Paper Title: Profit and Loss Sharing Partnership: The Case of the Two Tier Mudarabah in Islamic Banking
Author: Amine Ben Amar and AbdelKader O. El Alaoui
Publisher: Emerald International Journal of Islamic and Middle Eastern Finance and Management, Vol. 16 No. 1, 81-102.
This paper mathematically analyzes the two-tier Mudarabah model in an exclusive Islamic financial environment and under dual banking system.
Analysis suggests that the profit-sharing structure is built up by the three parties: the bank, the depositor and the entrepreneur. At the time of signing the Mudarabah contract, it has to be drawn up in a way that, at the ex post, the remuneration of each necessary production factor, capital and labour, should equal its marginal productivity.
However, the model assumed complete information symmetry, complete certainty and considered a one-shot model. Biggest issue in Mudarabah comes in asymmetric incentives, especially in the case of loss. It makes the problem of moral hazard and adverse selection highly important.
Authors note that the nature of profits, losses and risks to be borne differs according to the nature of the stakeholder (depositor, bank or entrepreneur) and its position in the contractual relationship (Mudarib or Rabb-ul-Maal). However, the model could not incorporate information asymmetry, uncertainty and dynamic analysis. It also assumed risk-neutral agents and no output price risk. All of these factors are important features in application of Mudarabah.
Mudarabah is considered to be one of the most preferable modes of Islamic finance. Maulana Taqi Usmani in his book “Introduction to Islamic Finance” stated at least 5 times that Mudarabah and Musharakah are ideal modes of financing respectively on page 12, 17, 72, 107 and 164.
However, one of the major hurdles in the use of Mudarabah for financing is that only Rabb-ul-Maal is to bear all the financial losses. Therefore, if an Islamic bank enters into the Mudarabah contract as a Rabb-ul-Maal, only the Islamic bank would have to bear all the losses. Mudarib (fund manager) bears no loss while he has the complete authority in running the affairs of the business.
The Rabb-ul-maal (investor) is not allowed to participate in the affairs of the business. It is unlike the case in venture capital funds where the venture capitalist could include several covenants for dealing with agency problem and even have a say in appointment of directors and executive management).
Agency and moral hazard problem in Mudarabah deserves serious attention. Consider an Islamic economy with Mudarabah on asset and liability side and there is no other instrument used. Mudarib (usually blue chip companies) with no liability to share losses can obtain financing from banks who would be Rabb-ul-Maal in asset side use of Mudarabah.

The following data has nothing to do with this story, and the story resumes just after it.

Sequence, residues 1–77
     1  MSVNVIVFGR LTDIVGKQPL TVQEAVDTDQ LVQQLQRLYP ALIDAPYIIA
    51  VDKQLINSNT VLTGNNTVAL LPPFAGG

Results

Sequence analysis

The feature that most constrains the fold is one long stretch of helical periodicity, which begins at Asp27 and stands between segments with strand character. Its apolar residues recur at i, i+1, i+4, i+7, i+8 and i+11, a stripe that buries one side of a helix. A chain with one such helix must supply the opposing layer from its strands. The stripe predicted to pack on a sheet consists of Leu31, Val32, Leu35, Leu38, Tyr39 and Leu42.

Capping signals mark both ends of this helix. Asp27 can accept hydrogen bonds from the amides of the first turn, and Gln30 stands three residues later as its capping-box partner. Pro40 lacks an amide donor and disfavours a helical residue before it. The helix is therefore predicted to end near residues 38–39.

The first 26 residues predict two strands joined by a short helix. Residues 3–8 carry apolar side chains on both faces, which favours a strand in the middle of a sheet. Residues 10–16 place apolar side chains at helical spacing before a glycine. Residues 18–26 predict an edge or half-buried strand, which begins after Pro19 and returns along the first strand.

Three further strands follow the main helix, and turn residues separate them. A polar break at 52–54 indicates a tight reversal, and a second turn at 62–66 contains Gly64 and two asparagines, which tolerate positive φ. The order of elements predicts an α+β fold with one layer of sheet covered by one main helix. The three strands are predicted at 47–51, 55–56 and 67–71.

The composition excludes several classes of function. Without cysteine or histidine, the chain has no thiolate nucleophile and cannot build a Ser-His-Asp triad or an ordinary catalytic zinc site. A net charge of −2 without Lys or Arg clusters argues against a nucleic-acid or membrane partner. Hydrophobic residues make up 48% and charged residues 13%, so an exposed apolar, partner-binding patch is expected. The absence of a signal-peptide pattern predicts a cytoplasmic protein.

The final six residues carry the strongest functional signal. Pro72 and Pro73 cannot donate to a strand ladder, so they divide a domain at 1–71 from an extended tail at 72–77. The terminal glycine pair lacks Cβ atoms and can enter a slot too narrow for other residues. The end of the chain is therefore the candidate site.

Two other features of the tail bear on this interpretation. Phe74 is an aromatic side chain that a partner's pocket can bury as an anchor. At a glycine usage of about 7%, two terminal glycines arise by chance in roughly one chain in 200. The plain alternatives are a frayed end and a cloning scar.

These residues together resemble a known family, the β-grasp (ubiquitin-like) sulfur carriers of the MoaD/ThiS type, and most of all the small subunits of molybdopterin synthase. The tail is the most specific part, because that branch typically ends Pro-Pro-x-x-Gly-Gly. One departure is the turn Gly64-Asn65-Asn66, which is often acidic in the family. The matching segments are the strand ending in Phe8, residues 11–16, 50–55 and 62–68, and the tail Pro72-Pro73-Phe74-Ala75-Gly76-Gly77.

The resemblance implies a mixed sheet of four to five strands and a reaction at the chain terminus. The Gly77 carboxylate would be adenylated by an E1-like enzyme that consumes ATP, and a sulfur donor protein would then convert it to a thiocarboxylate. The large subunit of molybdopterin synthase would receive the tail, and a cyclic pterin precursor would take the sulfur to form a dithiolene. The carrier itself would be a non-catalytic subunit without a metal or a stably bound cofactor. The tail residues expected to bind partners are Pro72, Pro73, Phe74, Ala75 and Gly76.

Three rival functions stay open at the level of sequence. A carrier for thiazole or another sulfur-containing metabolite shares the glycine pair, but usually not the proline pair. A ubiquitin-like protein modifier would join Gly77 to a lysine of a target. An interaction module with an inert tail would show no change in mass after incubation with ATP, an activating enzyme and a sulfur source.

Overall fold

On liability side, bank will be Mudarib and the small savers and investors will be Rabb-ul-Maal. So, any loss incurred by blue chip companies is ultimately paid by small savers and investors who have all the liability to share losses without having a say in the affairs of the business!
If a loss occurs due to business cycle fluctuations, no part of the loss is borne by the business that had all the authority to run the business. The loss is borne not by the bank as well because bank is Mudarib on liability side. All loss is borne by the small savers and investors.
Now consider that government prohibits interest based lending and borrowing too. Will the people want to be Rabb-ul-Maal in Mudarabah with bank or the shareholder in a blue chip company which can take all the money, invest it, earn from it and if loss occurs, pass it onto the small savers?
Mudarabah (with current structure) even when assumptions of trust deficit and documentation problems are relaxed and even when there is no competing conventional banking system has issues in application to say the least.
In practice, running Musharakah is used in some countries like Pakistan. It reduces the element of risk and uncertainty by agreeing to a selected list of deductible expenses. It also equalizes the rate of return to the market rate through tier-wise asymmetric payoff distribution.
It solves the economic problem in Islamic equity based modes of financing, but as per some scholars, it compromises on the essence of risk sharing. Essentially, it becomes a tool of risk-shifting with inexact profit calculation, asymmetric allocation of costs among stakeholders in the project and inexact calculation of even the investment capital.
To overcome problem of uncertain payoffs and asymmetric distribution of losses in Mudarabah, it is confined to use where a risk-shifting based financing portfolio is managed by the Islamic bank, either for retail depositors or for other banks in interbank Mudarabah. However, the promise of inclusivity in Mudarabah can be achieved when its use increases in asset side operations. The paper did not give more coverage to the problem of moral hazard under information asymmetry and uncertainty in a dynamic model. One way to solve these issues is to use hybrid Mudarabah by asking Mudarib to invest its capital as well and thereby share in risk of loss. It will still be distinct from Musharakah as the management role will be exclusively performed by Mudarib.